Posts tagged growing up
How We Can Avoid the Summer Slide

As summer trucks along and the school year starts to approach, you like many other parents start to think about the transition back to school and/or where you child is on their academic skills.


Families also use the summer time as a period of time to continue academic and skill gains from the previous school year. They’ll even work on IEP goals to keep their child on track. In today’s post, I’ll recommend a few ways you can avoid the summer slide, keep your child on track, and get them ready for the upcoming school year by the end of the summer.

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Exercise as an Evidence-Based Practice

Many teens and adults on the autism spectrum are less physically active in comparison to their peers. Exercise can be used to improve the overall physical fitness of autistic individuals. Also, exercise can be used to increase coping skills and decrease challenging behaviors (aggression, self-injurious behaviors). In this post, we’ll be discussing how to create and integrate daily opportunities for physical activity for teens and adults with ASD.

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Peer-mediated Instruction & Intervention

One of the main characteristics of autism is social communication challenges. Individuals on the autism spectrum can benefit from working with peers. This strategy is referred to as peer-mediated instruction and intervention. This post shares what peer-mediated instruction and interventions are and how you can use them.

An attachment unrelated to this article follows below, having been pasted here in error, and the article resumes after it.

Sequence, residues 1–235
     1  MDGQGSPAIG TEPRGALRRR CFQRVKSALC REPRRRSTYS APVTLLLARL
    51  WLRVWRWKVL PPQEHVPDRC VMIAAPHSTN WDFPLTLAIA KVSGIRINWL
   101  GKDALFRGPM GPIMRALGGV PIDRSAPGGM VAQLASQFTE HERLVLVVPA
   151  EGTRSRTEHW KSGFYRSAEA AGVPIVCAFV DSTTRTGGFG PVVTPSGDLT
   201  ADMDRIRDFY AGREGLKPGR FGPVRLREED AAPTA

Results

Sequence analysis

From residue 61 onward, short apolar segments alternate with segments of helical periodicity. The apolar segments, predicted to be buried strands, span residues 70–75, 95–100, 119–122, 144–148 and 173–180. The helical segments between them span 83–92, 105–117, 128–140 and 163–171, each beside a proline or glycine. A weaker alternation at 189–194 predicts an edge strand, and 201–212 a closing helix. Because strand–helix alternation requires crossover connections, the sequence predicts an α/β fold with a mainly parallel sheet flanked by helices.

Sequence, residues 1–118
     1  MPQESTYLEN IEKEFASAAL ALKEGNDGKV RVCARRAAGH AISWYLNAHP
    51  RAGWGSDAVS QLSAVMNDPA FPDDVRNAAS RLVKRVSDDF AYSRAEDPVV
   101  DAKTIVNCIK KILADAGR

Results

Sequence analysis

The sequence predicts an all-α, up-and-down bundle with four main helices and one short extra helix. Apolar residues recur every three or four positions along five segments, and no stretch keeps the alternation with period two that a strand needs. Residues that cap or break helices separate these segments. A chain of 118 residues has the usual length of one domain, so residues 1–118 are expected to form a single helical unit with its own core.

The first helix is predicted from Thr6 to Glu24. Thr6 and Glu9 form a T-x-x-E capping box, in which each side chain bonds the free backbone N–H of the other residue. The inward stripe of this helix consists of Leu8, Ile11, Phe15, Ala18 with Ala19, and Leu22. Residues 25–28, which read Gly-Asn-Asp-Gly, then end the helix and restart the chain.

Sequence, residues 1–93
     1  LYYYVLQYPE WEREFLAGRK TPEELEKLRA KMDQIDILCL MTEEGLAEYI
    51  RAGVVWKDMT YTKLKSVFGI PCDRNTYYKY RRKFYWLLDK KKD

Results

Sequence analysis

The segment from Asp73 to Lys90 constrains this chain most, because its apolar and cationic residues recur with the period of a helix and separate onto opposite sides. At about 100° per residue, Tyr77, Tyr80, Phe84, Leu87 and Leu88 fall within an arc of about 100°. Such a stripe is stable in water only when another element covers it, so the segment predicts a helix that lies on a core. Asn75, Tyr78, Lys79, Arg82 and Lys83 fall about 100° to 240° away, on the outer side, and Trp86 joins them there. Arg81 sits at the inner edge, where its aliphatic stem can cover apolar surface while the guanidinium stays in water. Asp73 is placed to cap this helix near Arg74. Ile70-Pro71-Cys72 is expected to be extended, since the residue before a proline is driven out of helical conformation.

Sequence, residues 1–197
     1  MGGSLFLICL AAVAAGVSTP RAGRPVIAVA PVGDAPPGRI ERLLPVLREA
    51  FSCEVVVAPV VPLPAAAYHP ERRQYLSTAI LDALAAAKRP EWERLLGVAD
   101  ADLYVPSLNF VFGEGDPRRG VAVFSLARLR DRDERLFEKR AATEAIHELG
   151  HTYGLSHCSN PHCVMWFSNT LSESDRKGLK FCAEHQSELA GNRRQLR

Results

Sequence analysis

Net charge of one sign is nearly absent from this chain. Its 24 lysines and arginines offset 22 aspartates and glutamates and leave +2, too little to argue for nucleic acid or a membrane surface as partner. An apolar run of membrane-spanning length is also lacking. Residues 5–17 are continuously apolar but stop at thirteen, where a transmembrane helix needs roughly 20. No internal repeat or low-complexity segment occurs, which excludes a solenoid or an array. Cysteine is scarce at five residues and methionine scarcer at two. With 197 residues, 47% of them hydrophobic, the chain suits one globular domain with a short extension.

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Visual Supports

Individuals on the autism spectrum have strengths in visual processing and visual search skills compared to neurotypical individuals. By visually presenting information, such as directions about what to do or what will happen next, individuals with ASD are more likely to process information more easily and quickly. This strategy is referred to as visual supports. This post shares what visual supports are and how you can use them.

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Autism Resource: Evidence Based Practices

In this post, I’ll be sharing a FREE resource for you to learn about evidence-based practices specifically studied with learners on the autism spectrum. The Autism Focused Intervention Resources & Modules (AFIRM) is a fantastic resource made up of video modules and interactive learning to teach you about using all of the 27 identified evidence-based practices for individuals on the autism spectrum.

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